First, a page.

During Partitions of Poland, Zbaraz was a part of Austro-Hungarian Empire and there weren't good railway connections between Galician towns and those at Russian side, also because of different breadth of rails.
This way I believe your grandmother could use the railway connection between Tarnopol and Krakow, which was part of Galician Railway of Archduke Charles Louis. And from there she could take another train going through Kielce to Warsaw, as from what I know, that was the easiest way.
You can see the possible route on the linked map, which shows the state of connections in 1897. Here's its smaller version:
As for the next part, between Warsaw and Gdansk, this map of German railways in 1899 can provide some details:
The main differences that could change the possible way after 1899 were the development of Russian railways in the first decade of 20th century and the overall development and changes in railways during the World War I.
Still, take in mind that when the war finished, there were only a few rail connections between areas of Poland that were previously parts of different empires. So it was much easier to go by train from Polish town to another country than to another Polish town.
It's possible that she didn't take the train from Warsaw, as many Polish peasants who tried to emigrate were crossing the border illegally, paying the bribe, which was was much easier on smaller routes. With the help of Google you can translate this post from Polish genealogy board speaking about Polish emigration to USA in the end of 19th century, which covers this subject among others.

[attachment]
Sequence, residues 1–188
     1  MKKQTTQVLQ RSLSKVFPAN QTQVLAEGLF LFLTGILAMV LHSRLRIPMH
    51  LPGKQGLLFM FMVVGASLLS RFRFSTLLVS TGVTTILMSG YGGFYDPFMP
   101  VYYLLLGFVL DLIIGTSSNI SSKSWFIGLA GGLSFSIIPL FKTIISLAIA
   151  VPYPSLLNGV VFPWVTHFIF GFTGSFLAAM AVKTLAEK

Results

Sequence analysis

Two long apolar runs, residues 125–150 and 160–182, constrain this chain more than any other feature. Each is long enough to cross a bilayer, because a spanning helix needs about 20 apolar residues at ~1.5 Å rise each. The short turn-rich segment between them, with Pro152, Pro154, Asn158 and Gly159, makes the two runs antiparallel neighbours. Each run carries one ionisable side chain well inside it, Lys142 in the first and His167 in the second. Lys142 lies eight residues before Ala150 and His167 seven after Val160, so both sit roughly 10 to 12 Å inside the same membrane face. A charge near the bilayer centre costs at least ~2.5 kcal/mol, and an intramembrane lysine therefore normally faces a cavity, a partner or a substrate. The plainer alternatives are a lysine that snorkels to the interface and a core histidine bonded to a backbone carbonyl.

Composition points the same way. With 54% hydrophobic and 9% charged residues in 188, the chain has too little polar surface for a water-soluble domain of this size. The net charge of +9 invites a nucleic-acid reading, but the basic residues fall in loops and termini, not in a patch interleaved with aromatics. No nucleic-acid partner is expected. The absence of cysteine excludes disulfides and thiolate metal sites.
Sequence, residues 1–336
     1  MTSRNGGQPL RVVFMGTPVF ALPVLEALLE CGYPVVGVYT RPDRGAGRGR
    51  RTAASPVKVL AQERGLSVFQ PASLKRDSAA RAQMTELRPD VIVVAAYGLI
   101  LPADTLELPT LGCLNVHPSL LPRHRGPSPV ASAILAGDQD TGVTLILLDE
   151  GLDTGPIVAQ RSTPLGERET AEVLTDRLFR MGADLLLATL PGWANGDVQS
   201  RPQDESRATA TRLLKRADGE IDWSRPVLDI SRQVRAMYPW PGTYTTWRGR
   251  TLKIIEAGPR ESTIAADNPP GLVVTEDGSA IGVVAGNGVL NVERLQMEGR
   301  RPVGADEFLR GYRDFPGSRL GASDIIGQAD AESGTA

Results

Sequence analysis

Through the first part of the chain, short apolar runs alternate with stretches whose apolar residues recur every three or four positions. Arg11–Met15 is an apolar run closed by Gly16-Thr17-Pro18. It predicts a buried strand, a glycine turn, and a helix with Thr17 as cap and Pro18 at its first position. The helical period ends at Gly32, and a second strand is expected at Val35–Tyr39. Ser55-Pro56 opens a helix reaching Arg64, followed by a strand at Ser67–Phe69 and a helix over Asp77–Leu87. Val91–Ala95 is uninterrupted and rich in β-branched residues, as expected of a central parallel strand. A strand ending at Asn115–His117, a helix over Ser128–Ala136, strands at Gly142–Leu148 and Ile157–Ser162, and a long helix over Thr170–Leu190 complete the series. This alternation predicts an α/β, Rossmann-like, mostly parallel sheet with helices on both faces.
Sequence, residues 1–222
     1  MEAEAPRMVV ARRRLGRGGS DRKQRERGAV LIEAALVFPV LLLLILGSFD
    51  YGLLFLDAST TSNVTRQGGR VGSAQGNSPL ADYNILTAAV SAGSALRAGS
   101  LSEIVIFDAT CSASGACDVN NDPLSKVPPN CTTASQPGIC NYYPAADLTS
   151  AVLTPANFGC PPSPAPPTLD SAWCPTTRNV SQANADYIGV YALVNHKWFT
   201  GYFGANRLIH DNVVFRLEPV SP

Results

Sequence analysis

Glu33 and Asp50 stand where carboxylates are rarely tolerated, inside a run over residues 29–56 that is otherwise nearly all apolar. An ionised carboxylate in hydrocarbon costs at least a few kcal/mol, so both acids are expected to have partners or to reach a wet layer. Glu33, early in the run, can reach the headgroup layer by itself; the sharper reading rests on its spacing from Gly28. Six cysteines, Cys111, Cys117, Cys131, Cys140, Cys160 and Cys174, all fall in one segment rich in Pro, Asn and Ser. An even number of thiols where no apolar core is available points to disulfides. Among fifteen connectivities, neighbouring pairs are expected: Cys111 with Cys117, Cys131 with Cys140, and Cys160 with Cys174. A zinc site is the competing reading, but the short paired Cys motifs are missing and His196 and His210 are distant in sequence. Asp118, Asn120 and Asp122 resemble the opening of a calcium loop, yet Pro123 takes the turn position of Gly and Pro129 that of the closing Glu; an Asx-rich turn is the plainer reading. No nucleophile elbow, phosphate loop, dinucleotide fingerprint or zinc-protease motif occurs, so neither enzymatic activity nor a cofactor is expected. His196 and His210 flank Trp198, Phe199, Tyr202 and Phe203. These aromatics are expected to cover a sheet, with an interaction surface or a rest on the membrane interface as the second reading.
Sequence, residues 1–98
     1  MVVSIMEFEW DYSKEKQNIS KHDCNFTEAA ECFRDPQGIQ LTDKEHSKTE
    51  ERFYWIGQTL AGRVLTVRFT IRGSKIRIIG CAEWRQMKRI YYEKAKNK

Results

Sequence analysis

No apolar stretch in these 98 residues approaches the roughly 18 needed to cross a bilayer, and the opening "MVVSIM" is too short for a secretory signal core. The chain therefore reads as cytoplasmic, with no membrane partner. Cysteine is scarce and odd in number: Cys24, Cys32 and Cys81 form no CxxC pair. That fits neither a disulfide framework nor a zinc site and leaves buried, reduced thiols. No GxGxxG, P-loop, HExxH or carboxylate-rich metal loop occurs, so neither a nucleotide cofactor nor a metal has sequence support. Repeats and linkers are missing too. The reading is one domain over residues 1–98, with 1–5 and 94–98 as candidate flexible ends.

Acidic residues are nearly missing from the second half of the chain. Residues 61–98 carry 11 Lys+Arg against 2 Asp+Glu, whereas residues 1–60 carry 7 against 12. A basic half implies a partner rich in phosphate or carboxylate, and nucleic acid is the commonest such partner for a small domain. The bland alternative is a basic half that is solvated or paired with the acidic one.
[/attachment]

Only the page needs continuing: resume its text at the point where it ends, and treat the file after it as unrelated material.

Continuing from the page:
Of course it could look pretty different in the times of World War I.
Also are you sure about Gdansk? Because at the same article it's written that at the end of 19th century the main ports from which Poles were leaving to USA were Bremen, Antwerp and Hamburg.
EDIT: I've found the following map, showing ports from which emigrants from another Galician town, Świlcza, were coming to New York between 1897 and 1924. As we can see, there's also Gdansk on the list, even if the numbers show it was much less popular option.
More details at the linked website in Polish language.
You should also read another website, containing local press articles in which Galician citizens write about their road to USA. The first one (1902) was written by journalist who focuses on the ship itself, but the more interesting is the second relation (1903), describing how emigrants from Galicia were treated in Germany on their way in trains and in the ports.
And third press article, from 1890, describing relations from port in Bremmen, how Polish emigrants were treated. I suppose it would be similar in Gdansk.
And finally the book by Martin Pollack, "Ceasar of America", describing Galician emigration to USA before 1918. Originally it's in German, it was translated to Polish and it's possible that to English too.